I’ve been talking a lot to young people trying to enter the translation profession. Germany is a good market for polyglots, as long as you have a good working knowledge of German and native-level fluency in English. However, the big misconception is that there’s no such thing as the “average” job for a translator.
In my experience, many people who’ve studied translation don’t work in translation and many who thrive in this field have a totally different background. I actually studied international management, but I was making enough money from translation by the time I graduated, so I never bothered to switch.
On the other hand, translation graduates my find themselves doing project management, product design, technical writing, software administration, teaching or running their own company. I even know one who’s become a successful makeup artist.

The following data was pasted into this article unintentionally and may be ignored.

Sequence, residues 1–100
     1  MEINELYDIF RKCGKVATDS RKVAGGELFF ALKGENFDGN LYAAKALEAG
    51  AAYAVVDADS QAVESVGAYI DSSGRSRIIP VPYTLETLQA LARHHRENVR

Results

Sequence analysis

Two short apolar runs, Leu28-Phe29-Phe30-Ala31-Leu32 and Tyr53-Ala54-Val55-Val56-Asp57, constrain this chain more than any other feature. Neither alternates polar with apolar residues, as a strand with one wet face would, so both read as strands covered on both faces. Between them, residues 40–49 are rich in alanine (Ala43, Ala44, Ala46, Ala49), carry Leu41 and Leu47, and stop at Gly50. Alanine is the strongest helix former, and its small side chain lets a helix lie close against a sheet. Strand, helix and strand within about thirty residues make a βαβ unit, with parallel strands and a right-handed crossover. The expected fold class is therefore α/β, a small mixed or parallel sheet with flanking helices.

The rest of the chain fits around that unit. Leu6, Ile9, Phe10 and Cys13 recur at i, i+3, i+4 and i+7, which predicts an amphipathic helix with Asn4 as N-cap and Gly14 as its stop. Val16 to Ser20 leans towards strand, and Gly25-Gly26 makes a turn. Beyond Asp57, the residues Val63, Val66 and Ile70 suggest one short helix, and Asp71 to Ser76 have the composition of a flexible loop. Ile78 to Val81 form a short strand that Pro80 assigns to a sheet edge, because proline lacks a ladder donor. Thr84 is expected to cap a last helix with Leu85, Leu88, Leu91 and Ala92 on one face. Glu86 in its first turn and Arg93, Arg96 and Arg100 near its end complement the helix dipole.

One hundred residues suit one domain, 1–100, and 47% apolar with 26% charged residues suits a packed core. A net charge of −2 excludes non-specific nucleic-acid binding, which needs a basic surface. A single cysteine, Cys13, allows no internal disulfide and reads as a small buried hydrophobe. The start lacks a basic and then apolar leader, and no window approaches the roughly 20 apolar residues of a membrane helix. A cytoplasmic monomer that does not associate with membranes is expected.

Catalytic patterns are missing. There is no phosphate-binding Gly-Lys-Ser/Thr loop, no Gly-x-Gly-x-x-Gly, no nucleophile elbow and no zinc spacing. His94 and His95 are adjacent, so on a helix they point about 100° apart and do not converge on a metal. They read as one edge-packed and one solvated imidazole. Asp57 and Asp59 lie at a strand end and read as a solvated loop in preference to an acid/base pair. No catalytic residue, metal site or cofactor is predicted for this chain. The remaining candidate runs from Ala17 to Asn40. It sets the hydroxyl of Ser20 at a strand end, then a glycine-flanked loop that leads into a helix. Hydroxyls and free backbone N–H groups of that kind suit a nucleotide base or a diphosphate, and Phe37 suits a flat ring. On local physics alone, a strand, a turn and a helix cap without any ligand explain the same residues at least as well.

The lack of structured careers can be a gift or a curse. What you end up doing depends not just on your hard skills but on factors such as:
This might be equally true for teachers and doctors, but there’s much fewer government-protected jobs for “pure” translators.
Although some kids come out of university almost computer-illiterate, translation is, in the wider sense, a computer job. Even interpreters will soon spend most of their time looking at a screen.
So where can you go? The IT industry is notorious for job descriptions that are moving targets. Typical keywords for language jobs in IT are:
These jobs are usually well-paid, permanent, and as sustainable as your company’s business model. Jobs for translators in the German public sector may include:
However, public-sector jobs are often limited, part-time only and not paid exorbitantly.
There’s many paths you can follow; the best way is to enter the job market early and get to know your niche, stay curious about the world around you and talk to everyone. What are your job hunt experiences? I’d love to hear more!